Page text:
Edited by Ben Derudder, Michael Hoyler, Peter J. Taylor and Frank Witlox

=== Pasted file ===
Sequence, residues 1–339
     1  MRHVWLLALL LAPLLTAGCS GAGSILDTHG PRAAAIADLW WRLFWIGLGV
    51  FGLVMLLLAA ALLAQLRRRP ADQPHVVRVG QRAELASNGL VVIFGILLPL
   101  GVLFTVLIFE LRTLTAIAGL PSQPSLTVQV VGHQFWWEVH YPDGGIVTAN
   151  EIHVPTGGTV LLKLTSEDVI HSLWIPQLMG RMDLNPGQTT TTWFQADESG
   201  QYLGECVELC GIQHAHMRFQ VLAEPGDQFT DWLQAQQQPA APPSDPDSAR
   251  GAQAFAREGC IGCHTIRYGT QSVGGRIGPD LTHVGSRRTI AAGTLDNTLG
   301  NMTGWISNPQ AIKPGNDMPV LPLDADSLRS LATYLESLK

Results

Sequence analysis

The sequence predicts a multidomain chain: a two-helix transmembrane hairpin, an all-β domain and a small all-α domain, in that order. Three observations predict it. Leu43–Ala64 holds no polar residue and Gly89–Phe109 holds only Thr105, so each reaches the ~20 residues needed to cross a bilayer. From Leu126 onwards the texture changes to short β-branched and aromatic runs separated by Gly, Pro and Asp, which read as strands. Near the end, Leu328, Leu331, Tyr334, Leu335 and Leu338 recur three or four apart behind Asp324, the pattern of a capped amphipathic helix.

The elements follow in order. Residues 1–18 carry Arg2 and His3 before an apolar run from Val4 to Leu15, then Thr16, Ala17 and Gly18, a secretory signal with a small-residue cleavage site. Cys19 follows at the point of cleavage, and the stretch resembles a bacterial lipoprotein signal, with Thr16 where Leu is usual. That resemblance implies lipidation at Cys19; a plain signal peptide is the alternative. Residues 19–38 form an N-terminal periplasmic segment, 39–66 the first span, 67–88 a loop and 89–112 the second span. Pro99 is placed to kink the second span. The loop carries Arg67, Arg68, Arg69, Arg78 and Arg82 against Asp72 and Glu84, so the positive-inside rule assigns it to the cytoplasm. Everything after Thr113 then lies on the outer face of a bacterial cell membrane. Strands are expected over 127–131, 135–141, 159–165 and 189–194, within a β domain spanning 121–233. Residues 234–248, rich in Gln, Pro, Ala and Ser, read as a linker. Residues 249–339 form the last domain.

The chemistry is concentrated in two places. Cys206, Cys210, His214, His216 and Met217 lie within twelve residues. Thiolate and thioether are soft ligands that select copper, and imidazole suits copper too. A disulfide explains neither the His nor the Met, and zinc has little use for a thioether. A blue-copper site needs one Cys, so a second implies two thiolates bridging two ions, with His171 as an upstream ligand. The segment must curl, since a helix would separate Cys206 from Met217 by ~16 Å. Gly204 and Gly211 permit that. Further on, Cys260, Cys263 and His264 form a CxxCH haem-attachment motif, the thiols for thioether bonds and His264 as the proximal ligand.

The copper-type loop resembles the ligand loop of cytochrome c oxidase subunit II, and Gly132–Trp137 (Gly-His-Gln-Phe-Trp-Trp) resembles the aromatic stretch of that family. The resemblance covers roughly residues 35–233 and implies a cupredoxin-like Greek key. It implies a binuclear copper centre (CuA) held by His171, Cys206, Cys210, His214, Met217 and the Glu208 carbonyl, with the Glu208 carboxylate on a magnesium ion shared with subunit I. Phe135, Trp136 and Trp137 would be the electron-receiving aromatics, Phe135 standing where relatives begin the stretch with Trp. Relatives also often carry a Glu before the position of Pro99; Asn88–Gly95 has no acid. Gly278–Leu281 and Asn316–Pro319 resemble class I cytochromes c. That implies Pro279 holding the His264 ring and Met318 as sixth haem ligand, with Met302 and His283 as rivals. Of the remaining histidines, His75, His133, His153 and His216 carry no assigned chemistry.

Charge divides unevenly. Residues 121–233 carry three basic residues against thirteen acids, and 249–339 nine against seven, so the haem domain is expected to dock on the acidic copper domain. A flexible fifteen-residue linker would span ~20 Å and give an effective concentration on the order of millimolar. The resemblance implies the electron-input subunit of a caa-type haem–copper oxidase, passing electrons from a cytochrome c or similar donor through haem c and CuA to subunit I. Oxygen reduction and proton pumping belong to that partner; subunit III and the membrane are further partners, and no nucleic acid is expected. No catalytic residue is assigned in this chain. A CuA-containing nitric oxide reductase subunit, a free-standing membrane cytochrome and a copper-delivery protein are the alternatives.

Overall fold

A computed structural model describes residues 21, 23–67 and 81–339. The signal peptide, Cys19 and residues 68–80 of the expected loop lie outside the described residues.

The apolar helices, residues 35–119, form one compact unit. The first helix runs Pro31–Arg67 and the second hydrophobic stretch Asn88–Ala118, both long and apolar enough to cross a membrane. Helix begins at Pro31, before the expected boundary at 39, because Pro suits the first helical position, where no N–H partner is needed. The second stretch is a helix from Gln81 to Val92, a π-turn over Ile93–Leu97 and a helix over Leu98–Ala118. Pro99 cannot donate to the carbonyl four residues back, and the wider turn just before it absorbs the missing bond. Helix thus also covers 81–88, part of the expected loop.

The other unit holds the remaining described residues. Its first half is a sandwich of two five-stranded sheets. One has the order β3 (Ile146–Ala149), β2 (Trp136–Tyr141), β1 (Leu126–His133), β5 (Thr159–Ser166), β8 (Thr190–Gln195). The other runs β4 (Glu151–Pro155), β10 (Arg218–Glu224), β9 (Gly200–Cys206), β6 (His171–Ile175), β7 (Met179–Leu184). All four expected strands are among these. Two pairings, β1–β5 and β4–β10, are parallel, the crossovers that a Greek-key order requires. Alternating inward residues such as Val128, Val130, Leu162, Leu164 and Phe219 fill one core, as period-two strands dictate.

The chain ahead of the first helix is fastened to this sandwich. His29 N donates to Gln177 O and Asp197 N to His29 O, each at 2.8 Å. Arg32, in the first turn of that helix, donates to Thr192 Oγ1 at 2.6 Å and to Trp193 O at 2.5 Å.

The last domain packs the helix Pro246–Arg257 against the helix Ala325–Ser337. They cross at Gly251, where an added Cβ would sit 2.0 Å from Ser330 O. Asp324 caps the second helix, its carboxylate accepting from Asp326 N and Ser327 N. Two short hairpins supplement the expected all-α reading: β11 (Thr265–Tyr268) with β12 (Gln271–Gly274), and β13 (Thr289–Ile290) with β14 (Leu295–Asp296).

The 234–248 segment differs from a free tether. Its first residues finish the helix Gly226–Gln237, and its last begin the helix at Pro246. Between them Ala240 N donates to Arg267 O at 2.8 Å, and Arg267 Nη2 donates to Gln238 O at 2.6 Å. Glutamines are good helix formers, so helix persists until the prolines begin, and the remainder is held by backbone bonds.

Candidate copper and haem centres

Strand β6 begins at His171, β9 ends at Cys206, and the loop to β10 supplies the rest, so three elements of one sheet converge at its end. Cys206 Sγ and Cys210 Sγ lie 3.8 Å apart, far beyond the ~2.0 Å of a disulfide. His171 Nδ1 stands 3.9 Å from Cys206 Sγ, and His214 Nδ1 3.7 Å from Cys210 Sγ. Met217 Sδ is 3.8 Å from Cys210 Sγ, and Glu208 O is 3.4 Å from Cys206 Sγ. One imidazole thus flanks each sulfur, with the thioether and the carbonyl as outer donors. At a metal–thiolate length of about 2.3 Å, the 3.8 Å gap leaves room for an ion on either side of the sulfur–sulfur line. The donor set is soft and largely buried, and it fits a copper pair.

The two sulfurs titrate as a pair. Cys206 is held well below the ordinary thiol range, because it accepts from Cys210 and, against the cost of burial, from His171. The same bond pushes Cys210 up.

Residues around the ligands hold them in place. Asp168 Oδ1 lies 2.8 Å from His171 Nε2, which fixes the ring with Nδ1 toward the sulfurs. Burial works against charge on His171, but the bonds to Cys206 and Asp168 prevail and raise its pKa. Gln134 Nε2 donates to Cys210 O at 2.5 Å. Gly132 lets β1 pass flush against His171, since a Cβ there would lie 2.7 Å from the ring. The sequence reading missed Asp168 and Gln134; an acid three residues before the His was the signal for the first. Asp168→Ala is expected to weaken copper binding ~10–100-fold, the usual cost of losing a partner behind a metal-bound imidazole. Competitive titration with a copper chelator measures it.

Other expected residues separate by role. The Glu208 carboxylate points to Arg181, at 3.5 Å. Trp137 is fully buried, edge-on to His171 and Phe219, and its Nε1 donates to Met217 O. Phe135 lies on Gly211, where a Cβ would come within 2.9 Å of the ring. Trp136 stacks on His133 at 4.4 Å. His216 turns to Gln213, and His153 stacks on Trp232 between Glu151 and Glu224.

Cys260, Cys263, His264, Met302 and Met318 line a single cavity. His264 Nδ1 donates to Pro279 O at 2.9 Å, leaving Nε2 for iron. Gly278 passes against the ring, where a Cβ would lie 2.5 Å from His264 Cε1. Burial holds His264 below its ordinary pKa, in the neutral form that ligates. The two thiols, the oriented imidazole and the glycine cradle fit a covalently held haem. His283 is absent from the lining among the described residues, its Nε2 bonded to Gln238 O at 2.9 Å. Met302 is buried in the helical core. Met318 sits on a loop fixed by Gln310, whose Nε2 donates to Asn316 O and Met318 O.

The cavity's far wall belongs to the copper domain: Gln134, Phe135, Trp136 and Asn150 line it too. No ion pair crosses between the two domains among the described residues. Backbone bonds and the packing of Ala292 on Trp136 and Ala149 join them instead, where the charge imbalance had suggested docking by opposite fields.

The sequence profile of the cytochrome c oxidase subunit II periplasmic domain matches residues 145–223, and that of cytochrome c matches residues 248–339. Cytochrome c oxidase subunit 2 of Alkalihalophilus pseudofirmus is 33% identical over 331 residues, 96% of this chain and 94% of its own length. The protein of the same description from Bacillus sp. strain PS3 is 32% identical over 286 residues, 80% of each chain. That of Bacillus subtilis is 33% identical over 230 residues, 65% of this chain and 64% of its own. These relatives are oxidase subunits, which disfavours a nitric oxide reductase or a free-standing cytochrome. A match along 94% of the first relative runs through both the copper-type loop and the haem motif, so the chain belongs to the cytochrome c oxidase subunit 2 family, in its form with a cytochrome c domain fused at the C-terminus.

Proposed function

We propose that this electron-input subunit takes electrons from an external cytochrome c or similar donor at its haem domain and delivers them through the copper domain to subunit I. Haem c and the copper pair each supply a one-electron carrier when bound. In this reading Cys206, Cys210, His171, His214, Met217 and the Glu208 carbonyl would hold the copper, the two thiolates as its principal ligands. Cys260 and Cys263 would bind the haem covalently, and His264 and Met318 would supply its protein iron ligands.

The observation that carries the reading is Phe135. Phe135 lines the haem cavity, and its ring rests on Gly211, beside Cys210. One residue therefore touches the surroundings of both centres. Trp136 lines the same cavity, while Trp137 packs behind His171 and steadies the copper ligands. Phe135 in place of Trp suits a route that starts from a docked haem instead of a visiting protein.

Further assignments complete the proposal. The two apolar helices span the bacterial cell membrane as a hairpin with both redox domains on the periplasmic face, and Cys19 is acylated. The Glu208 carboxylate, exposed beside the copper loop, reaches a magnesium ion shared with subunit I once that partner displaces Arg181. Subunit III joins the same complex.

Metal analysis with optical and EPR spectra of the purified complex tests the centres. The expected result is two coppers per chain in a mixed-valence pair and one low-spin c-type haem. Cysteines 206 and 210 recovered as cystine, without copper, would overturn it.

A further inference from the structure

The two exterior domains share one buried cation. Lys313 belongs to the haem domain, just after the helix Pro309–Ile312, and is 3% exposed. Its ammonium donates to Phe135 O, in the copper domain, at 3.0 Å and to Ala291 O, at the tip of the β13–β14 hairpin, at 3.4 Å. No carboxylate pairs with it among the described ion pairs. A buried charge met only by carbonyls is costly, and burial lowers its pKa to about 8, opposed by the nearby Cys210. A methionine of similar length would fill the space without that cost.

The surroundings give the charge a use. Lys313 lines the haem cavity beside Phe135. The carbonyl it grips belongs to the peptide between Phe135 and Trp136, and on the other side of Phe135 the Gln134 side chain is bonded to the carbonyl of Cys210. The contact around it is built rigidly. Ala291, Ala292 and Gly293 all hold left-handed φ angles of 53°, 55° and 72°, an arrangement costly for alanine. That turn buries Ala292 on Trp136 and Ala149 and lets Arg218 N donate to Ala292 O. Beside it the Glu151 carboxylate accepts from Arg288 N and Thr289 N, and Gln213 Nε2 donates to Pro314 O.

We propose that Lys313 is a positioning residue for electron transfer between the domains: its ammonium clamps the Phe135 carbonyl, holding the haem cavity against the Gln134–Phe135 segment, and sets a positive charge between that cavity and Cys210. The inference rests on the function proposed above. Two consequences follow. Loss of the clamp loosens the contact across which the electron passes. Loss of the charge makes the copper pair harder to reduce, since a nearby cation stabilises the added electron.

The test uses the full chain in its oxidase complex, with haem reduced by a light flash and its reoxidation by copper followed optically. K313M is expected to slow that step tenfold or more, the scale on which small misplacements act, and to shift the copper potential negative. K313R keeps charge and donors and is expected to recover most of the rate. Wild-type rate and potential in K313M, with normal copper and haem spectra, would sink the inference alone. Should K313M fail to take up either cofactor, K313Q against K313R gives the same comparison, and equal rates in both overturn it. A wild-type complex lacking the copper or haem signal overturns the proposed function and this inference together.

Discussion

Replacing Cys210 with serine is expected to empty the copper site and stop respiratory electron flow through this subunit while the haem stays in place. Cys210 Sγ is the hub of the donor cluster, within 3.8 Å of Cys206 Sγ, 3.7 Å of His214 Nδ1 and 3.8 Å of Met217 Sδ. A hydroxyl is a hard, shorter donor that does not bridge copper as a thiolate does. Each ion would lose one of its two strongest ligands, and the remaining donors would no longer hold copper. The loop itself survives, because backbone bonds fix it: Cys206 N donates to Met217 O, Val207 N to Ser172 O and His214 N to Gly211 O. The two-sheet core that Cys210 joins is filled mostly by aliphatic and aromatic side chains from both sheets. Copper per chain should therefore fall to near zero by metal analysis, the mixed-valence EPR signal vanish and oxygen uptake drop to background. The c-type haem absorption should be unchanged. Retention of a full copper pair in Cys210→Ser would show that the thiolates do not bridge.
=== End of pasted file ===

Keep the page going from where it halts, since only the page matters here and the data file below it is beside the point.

Tony H. Grubesic and Timothy C. Matisziw INTRODUCTION Global networks, broadly conceptualized, manifest in a variety of ways. Perhaps the most tangible manifestations include infrastructure systems, such as the Internet (Graham and Marvin, 1996; Townsend, 2001; Malecki and Wei, 2009) or other large technical networks such as energy distribution grids (e.g. electricity, oil and gas) (Parsons, 1950; Overbye and Weber, 2000; Sadri and Volkov, 2004). While commercial airline networks share many of the same characteristics as other networked infrastructures, they are somewhat less permanent, changing with variations in consumer demand. This modest difference aside, airline networks and commercial air service continue to play a significant role in both regional economic development (Debbage and Delk, 2001; Grubesic, 2010) and the larger global economy (Smith and Timberlake, 1995; Derudder et al., 2007a). At the global level, several intriguing aspects of airline networks and their associated levels of service have emerged. With liberalization of the airline industry spreading throughout Europe, Asia, North America and elsewhere, there is increasing interest in the spatial and economic outcomes of markets open to competition. For example, in North America deregulation has generated more frequent service and higher passenger volumes to the most popular destinations (Goetz and Sutton, 1997).1 More importantly, competition on these routes has reduced average fares. Conversely, deregulation has exacerbated carrier financial instability, generated industry layoffs, reduced the overall quality of service, severely limited the frequency of flights to smaller places and increased their associated fares (Goetz and Vowles, 2009). Against this backdrop of...
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